Many years ago, I oversaw the development for five hospitals. It was a great joy to develop the team for some near-impossible goals that my area had been given, and to reach these successfully.
I loved my team and would have done just about anything for them. But sadly, they didn’t know that. In fact, quite the contrary.
Sharon sat down one afternoon and closed the door.
“You don’t even know us,” she said. “I bet you don’t even know that Alex has gotten engaged. Do you even care about us?”
Are you connected with your own team?
How do you know?
You can imagine that I was crushed. My introvertish nature coupled with a high drive for results had been seen as aloof and uncaring – far from the truth.
The effects of not being personally connected with your team can be devastating – a low level of trust resulting in poor performance and a host of other undesirable behaviors. The symptoms are such that you may blame these on the larger culture of the organization or on other external factors.
Yet, the culprit may simply be that your team doesn’t feel connected with you.
Leaders struggle with this, and we play a lot of head games.
We may want to appear in control to assure the team all is well. We may ask ourselves if being seen as vulnerable is risky to our position of being “in charge.” And some of us question the relevancy of connecting beyond the professional framework.
Yet, without humanizing ourselves, we can appear cold, uncaring, wooden, untouchable…the list goes on. Somewhere along the way, someone has taught us to appear as though we have it all together in order to reflect confidence in leadership.
Becoming human allows others to do so – to identify with you and connect.
Human beings need to feel a sense of connectedness. This comes from knowing others on the team and feeling known and accepted as a member.
In order to have this happen, we must become real.
Highest-performing teams know this – and work on it regularly.
Here are three things you can do right away to “get personal” with your team so that you can engage with each other on a greater level:
Take your teams members to lunch.
During your time together, tell them you don’t want to talk about work, but just want to get to know each other better. Have some questions ready – why did they pick France as a vacation last year? Where did they grow up – and how did this affect the way they see things today?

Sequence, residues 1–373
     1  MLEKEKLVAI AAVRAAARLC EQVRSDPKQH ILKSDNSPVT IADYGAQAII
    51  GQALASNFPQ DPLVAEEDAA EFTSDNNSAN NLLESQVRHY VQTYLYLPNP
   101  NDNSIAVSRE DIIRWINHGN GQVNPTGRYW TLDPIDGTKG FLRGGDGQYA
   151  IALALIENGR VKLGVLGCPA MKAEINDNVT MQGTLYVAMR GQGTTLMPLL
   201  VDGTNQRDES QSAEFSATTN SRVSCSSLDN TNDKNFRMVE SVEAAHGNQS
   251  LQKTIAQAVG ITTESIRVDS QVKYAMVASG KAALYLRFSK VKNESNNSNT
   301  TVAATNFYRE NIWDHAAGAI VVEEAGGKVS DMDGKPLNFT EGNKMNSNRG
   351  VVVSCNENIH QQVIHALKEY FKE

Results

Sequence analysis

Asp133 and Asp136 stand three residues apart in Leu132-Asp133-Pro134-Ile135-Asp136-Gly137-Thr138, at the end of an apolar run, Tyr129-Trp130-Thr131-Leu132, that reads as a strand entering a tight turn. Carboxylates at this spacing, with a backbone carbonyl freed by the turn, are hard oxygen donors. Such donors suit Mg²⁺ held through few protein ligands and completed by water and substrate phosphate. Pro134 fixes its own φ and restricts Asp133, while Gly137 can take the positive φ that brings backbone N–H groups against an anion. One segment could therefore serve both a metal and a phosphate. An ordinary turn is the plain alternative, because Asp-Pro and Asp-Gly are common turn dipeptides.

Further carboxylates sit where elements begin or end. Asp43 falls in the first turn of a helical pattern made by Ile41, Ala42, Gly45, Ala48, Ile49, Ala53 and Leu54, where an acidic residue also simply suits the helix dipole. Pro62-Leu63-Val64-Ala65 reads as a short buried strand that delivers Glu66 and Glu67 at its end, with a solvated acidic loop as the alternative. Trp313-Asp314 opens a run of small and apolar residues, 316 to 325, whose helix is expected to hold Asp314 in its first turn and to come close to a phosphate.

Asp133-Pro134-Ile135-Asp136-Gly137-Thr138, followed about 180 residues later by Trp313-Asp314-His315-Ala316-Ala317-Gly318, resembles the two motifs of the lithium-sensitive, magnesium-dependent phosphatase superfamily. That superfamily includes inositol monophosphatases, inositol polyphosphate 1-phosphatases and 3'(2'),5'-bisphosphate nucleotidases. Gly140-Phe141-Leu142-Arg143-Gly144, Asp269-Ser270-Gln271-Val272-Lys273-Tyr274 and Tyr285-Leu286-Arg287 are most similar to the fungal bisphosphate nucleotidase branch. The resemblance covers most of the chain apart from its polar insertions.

Develop an understanding about each other’s gifts and talents.
There are some great assessments out there for this: StrengthsFinder, Enneagram, and others. Have each team member take the assessment, bring their results, and talk about how these show up in their work and life.
Take some time to learn each other’s lives.
What does this mean? Who are you outside of work? What is your favorite movie? How do you handle surprises? Make up a list of questions and share the answers as part of your team-building. Do this over time – knowing each other personally should be intentional and consistent in order to create bonds and connectedness.
Have fun with this. It has become a joy for me personally to connect with others in this way and to develop deep relationships.
As a bonus, when people feel you care about them, they also care about you. When the going gets tough, the team will pull together in a new and more concerted way to succeed.
DO OTHERS REALLY TRUST YOU?
Learn the two vital parts to trust and how they can help you become a more highly effective leader.
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Patti Cotton helps executives optimize their effectiveness in leading self, others, and the enterprise. Her areas of focus include confidence, leadership style, executive presence, effective communication, succession planning, and masterful execution. With over 25 years of leadership experience, both stateside and abroad, Patti works with individuals, teams, and organizations across industries, providing executive consulting, leadership development, succession planning, change management, and conflict resolution. She is also an experienced Fortune 500 speaker. For more information on how Patti Cotton can help you and your organization, click here.